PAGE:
With a voice saying it has begun, Michael Tait and the Newsboys opened their set with "Born Again," the title track from Tait's inaugural album with the band. They then offered the catchy anthemic title track from new album Restart and then performed two more new songs, "Fishers of Men" and the dubstep-tinged "That's How You Change The World." While on the T-shaped catwalk, Michael talked about how easy it is to get comfortable and not want to leave our beds in the morning, but that we need to get out and live our lives with abandon, which served as an intro into Restart's first single, "Live With Abandon." Classic Newsboys worship original "He Reigns" was next, and then Jeff Frankenstein grabbed his piano and walked out to the end of the catwalk as Michael began to share about how his mother passed away in September (just two days after the release of Restart). He talked affectionately about growing up in his mom's care and then performed the piano ballad "That Home" with Frankenstein. After they returned to the stage, Tait encouraged the audience to love and hug and appreciate their moms, and then launched into their cover of the worship anthem "We Believe" (which sounded great live, although it still reminds me a lot, lyrically, of a simplified version of Rich Mullins' "Creed"), and then they performed "Something Beautiful" from GO. With Newsboys having three albums now with Tait at the helm, it seems a little strange that they still play older material from when Peter Furler was the vocalist. But, perhaps even more curiously, Newsboys are still playing DC Talk's "Jesus Freak" in their set as well. Tait prefaced the popular song by saying that Restart is an album he's as proud of as 1995's Jesus Freak and then the guys launched into it. Midway through the song, Duncan Phillips's drum set rose into the air slowly and then tilted forward and began spinning (with his head almost being taken off by one of the stage screens dangling just a bit too close to the top of the drums) and then descended back to the stage floor for the end of the song. To close their set, Tait plugged their appearance in the upcoming motion picture God's Not Dead, which is named after the song that Newsboys covered and made popular, and then performed the worship anthem. And for this closer, Michael hopped into the bucket of a crane that slowly took him around the bleacher seats where he was able to high-five and shake hands with some excited fans. Newsboys are known for big shows and spectacle, and this made for an appropriate finish for their set.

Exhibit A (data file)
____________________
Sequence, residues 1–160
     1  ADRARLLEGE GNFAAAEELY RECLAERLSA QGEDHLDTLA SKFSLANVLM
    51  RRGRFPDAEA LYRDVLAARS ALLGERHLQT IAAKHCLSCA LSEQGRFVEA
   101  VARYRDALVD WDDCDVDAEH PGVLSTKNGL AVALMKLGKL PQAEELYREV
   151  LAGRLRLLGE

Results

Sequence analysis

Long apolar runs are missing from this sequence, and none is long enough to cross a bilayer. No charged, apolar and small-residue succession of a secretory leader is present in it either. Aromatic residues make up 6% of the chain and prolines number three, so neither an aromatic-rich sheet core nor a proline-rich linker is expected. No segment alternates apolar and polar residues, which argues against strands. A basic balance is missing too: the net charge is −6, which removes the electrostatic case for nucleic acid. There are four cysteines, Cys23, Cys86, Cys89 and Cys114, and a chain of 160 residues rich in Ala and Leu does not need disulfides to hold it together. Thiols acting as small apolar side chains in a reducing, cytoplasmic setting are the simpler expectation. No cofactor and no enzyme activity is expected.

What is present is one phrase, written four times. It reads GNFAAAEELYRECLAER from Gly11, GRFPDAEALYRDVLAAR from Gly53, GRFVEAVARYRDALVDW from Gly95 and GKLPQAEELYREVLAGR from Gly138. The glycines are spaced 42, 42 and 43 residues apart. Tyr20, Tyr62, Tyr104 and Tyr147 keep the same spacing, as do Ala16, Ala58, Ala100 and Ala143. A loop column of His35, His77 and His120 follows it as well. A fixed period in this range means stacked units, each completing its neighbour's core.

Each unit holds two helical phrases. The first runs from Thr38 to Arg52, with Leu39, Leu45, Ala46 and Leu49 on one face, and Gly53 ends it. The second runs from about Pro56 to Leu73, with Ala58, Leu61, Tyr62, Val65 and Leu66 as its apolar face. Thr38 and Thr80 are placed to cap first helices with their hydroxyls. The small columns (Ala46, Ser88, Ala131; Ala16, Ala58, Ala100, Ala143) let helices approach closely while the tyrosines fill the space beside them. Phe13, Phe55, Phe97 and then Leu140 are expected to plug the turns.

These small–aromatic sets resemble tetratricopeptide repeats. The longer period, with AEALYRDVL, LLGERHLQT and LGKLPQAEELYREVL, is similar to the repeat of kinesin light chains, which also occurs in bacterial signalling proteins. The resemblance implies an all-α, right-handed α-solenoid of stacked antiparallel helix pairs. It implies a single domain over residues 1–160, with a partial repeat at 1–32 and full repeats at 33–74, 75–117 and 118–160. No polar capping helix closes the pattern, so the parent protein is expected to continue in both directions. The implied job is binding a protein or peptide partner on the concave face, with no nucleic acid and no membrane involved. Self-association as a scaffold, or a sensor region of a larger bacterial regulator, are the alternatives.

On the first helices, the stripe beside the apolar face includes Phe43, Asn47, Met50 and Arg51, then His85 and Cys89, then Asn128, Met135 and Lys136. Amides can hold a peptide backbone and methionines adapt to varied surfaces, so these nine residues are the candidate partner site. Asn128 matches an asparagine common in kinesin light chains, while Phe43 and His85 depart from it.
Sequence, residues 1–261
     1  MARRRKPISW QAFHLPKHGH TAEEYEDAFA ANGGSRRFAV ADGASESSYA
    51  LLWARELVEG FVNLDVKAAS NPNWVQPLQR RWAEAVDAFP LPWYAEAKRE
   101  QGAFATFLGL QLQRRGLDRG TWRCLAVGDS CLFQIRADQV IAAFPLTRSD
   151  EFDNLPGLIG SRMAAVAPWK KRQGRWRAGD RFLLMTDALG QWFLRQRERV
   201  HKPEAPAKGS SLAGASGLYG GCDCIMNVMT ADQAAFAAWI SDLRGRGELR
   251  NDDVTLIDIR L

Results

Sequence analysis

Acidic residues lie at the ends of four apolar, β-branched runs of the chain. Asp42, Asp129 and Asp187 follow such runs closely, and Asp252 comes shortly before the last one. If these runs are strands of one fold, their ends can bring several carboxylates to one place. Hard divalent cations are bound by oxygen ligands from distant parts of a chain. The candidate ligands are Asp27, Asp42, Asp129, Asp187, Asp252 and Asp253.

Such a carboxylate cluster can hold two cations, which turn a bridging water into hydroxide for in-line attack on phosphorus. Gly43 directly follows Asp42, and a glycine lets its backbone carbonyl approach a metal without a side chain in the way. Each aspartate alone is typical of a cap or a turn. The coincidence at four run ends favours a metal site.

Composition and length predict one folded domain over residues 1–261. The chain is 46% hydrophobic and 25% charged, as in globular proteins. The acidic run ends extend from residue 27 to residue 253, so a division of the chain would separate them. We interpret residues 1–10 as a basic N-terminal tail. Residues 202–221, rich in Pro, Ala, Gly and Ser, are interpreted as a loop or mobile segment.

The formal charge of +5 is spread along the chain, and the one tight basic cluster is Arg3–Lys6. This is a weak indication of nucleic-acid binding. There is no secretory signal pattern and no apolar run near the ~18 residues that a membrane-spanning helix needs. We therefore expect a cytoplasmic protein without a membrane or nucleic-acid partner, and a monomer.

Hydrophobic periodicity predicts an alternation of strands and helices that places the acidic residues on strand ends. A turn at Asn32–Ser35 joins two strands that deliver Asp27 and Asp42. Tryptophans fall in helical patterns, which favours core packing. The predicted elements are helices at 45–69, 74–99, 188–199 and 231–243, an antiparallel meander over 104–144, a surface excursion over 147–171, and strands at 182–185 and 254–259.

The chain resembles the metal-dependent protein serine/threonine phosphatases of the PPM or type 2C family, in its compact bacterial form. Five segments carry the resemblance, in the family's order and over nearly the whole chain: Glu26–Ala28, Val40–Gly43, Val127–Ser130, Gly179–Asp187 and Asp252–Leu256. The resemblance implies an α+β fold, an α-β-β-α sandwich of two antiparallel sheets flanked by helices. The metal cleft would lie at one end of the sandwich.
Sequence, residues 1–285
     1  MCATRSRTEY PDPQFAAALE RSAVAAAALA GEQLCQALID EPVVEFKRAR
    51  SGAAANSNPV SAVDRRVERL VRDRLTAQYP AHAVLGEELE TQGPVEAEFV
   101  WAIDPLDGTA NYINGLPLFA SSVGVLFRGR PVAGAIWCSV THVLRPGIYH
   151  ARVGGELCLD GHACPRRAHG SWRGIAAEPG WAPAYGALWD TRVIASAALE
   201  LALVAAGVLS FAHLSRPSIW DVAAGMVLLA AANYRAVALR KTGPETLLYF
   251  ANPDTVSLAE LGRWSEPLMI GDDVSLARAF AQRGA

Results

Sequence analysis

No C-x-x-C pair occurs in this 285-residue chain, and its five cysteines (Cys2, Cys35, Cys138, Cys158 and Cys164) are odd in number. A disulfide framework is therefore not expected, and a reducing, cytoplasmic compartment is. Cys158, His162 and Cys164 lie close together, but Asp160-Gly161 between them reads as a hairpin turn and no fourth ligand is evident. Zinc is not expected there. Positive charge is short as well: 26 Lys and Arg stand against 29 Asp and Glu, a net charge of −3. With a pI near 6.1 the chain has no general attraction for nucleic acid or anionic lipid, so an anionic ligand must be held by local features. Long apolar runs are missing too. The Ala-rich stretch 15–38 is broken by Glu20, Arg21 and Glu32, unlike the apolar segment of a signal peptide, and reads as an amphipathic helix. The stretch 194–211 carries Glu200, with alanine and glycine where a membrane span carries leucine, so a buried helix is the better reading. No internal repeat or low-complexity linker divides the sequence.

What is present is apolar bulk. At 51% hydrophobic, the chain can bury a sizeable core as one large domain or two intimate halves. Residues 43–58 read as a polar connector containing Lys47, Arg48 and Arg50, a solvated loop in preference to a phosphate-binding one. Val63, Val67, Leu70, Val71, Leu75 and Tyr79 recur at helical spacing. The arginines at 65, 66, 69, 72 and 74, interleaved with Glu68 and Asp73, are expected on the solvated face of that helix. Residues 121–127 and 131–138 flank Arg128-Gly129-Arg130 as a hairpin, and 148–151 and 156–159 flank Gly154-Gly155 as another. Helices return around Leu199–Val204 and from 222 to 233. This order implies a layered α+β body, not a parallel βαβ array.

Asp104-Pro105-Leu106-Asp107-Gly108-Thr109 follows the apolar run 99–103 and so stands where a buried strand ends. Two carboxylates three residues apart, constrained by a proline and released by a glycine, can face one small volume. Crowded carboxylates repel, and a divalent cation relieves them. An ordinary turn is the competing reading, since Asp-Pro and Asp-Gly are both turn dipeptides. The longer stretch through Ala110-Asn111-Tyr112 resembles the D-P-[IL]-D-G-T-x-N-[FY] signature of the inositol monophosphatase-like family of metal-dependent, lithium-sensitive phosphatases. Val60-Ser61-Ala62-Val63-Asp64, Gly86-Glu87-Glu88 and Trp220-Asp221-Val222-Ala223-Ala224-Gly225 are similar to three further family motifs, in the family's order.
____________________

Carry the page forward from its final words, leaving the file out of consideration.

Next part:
With a closing prayer, Winter Jam 2014 had concluded in Reading, PA. But the night won't soon be forgotten by many who attended. It's a big, big tour with affordable pricing, but just be sure to expect plenty of sponsor plugs throughout the night and advertising near the vendors. With the low prices, it's no surprise you'll be inundated with messages. However, I didn't quite expect constant encouragement to text words to numbers during the Newsboys set. From vocally announcing to "Text ____ to ____" to such a suggestion being displayed in lights on the screens (see photos below), it just seemed like a lot. And not all of them were explained as to what you were signing up for in doing so either.
Advertising frenzy aside, Winter Jam unites a diverse collection of artists for a great cause in spreading the good news and encouraging the church. It's still the best bang-for-your-buck when it comes to a tour... just be prepared to get there early and stand out in the cold if you want good seats for the $10 price!-- John DiBiase, 1/17/14
Thousand Foot Krutch
Tenth Avenue North
Love & The Outcome (Offering Set)